In a victory for consumer privacy rights, the California Supreme Court recently ruled that Jessica Pineda’s rights under the Song-Beverly Credit Card Act were violated when a clerk at specialty retailer Williams-Sonoma asked for and recorded her ZIP code in connection with an in-store purchase with her credit card. The unanimous opinion, written by Justice Moreno, concluded that an individual’s ZIP code is protected “personal identification information” that businesses in California cannot request for in-store purchases with a credit card, and then record that information for purposes unrelated to approving the credit transaction. In the longer term, it is likely that information collected by retailers for authentication purposes will need to be separate and distinct from personal information collected for marketing purposes.
The Court’s well-reasoned opinion slapped two California lower courts which had ruled squarely for Williams-Sonoma. Citing Webster’s New International Dictionary, among other sources, the Supreme Court held that a consumer’s ZIP code is certainly personal identification information (“PII”) protected by the Credit Card Act. The rationale of the lower courts, including an analysis based on the obscure doctrine of ejusdem generis, was roundly rejected. The Appeals Court had argued a ZIP code is not protected PII because it pertains to a group of individuals compared to a home address and phone number, both of which are protected. Justice Moreno wasn’t impressed, pointing out that a group of individuals may well live in the same household and a home phone number may be used by multiple persons.
The Court’s analysis was premised on a sounder grasp of how technological and search engine advances in recent years allow business enterprises to invade the privacy of consumers. The Court noted that the purpose of the Song-Beverly Act was to prevent retailers’ misuse of a consumer’s personal information for their own business purposes such as in-house marketing efforts, or to sell to direct mail or telemarketers. The Court’s ruling blocks retailers from “end-running” the law since readily accessible technology allows a cardholder’s ZIP code to be combined with the cardholder’s name to locate his or her full address. This accumulated information is then used by the retailer for its own purposes without the consumer’s consent, as alleged in the Williams-Sonoma case.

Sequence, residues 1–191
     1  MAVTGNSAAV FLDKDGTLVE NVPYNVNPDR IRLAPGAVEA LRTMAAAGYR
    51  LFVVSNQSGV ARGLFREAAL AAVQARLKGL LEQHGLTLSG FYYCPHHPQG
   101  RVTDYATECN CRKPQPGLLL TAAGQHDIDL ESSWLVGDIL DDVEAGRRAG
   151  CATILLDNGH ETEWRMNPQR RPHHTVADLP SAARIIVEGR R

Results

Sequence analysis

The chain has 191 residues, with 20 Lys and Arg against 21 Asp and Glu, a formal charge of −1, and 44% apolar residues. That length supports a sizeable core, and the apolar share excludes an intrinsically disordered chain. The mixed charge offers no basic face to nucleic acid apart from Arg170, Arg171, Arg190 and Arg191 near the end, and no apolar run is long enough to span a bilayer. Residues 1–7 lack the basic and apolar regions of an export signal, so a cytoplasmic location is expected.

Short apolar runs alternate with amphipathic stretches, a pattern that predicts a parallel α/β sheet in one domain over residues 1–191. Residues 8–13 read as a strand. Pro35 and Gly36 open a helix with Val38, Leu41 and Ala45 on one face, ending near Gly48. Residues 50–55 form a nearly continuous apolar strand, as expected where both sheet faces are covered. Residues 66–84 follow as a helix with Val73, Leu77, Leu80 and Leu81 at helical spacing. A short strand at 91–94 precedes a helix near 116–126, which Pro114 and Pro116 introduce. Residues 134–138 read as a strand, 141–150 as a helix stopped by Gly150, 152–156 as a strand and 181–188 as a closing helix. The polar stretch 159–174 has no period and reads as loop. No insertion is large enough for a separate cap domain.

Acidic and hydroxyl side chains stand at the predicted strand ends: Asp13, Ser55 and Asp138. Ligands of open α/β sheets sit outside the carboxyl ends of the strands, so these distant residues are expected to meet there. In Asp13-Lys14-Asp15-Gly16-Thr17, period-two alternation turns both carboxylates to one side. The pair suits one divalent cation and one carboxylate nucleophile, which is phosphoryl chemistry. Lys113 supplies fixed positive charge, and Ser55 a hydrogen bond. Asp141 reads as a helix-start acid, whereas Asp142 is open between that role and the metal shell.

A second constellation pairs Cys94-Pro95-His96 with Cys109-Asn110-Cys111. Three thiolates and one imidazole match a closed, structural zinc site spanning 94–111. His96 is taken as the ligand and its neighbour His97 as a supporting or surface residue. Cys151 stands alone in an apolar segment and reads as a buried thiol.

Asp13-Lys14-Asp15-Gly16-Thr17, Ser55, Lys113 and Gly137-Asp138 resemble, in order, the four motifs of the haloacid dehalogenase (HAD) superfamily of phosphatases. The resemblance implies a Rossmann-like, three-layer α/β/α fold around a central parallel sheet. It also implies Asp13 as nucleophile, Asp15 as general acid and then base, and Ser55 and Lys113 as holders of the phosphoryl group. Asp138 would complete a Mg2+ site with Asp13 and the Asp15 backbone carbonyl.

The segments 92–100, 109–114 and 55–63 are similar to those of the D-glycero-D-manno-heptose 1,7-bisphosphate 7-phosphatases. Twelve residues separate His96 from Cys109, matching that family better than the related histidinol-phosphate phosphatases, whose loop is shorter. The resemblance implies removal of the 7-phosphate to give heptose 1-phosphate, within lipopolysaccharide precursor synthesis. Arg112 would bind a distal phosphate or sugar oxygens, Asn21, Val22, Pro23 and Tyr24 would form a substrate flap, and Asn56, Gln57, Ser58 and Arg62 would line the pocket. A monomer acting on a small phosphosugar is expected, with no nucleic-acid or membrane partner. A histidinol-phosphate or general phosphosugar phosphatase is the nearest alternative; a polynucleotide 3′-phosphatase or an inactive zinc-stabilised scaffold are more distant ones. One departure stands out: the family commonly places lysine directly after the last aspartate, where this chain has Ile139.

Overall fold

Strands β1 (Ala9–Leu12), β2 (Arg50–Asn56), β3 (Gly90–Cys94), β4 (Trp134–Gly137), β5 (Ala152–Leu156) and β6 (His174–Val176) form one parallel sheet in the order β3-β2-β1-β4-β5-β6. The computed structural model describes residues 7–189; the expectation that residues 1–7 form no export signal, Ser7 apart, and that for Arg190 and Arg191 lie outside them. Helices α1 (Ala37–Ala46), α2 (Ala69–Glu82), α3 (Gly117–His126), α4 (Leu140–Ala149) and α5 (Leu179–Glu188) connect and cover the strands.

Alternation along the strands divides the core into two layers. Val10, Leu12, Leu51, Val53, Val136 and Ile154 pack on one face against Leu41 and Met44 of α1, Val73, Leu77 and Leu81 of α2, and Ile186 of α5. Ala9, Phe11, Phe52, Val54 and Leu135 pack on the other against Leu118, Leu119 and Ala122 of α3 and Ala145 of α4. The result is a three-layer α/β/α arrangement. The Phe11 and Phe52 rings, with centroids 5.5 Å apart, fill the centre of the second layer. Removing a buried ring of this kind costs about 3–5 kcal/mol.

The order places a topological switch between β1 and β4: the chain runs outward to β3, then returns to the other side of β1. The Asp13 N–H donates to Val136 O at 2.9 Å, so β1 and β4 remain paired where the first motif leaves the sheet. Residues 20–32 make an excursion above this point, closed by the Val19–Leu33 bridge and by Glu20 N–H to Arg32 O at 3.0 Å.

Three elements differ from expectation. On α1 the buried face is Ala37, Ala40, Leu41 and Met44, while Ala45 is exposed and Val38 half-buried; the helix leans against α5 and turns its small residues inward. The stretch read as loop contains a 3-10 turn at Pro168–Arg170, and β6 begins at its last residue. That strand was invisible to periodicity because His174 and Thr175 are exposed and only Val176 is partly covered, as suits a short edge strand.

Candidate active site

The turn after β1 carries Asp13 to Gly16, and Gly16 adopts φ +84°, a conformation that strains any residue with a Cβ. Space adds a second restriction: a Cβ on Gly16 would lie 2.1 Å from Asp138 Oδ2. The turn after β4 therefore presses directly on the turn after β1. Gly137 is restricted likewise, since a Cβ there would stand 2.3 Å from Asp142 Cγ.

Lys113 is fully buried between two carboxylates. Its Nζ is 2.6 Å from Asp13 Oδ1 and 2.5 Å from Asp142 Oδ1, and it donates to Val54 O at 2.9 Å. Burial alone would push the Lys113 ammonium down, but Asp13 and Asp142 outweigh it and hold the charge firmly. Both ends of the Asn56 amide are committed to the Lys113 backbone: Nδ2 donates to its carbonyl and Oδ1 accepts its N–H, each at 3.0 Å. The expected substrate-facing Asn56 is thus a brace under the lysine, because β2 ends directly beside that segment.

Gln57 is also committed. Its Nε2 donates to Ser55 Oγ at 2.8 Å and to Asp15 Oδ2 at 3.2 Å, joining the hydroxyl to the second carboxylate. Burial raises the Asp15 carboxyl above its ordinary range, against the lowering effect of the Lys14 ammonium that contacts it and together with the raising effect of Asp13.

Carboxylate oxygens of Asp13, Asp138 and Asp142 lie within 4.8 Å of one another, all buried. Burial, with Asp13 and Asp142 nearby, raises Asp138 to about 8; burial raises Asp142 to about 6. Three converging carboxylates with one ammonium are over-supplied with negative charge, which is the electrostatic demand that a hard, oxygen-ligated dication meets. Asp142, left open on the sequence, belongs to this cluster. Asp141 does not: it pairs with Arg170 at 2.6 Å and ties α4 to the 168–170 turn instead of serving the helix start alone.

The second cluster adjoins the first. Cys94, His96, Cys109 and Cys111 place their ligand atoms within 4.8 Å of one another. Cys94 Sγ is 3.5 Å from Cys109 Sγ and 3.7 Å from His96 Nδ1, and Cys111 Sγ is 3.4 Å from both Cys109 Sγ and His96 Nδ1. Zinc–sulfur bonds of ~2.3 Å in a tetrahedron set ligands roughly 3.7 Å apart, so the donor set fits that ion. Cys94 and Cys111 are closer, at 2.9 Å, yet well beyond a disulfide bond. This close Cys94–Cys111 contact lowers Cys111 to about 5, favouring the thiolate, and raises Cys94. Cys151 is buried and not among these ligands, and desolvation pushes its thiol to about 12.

Retail and other businesses have a legitimate right to safeguard against fraud in connection with purchases by consumers. They still have the right to require positive identification as a condition to accepting a credit card such as a driver’s license or a state issued identification card. The store may match the name on the ID to the name on the credit card and visually compare the photo image on the ID to the presenting cardholder, provided that none of the information may be written or recorded, including the ZIP code.
The decision, entitled Pineda v. Williams-Sonoma Stores, Inc., is limited to card present transactions where the cardholder physically presents his or her card to the retailer. Some businesses may still legitimately request a ZIP code if the information is needed to complete the transaction. For instance, gas stations that require the customer to enter a zip code at the pump should still be able to do so assuming the oil company does not record the information and credit card processor requires the information to authorize the charge. ZIP code or other address information may still be collected if it is needed to complete the delivery of merchandise purchased at a store or via online transactions.
The decision was delivered on February 10, 2011. Since then, more than 100 class action suits have been filed against other major retailers including Big 5 Sporting Goods, Bed Bath & Beyond, JC Penney, Kohl’s, Office Depot and WalMart. The circumstances related to some of these businesses may be different than the Williams-Sonoma decision. Consequently, we expect that the outcomes in some of the new cases will vary. Many of the suits were filed in San Francisco County Superior Court in early March including cases against Pier 1 Imports, Sephora, T.J. Maxx, Marshalls, Urban Outfitters, Coach, Pottery Barn, Sur La Table and West Elm.
Questions regarding the business implications of Pineda v. Williams-Sonoma should be directed to Jonathan D. Joseph at Joseph & Cohen, Professional Corporation.
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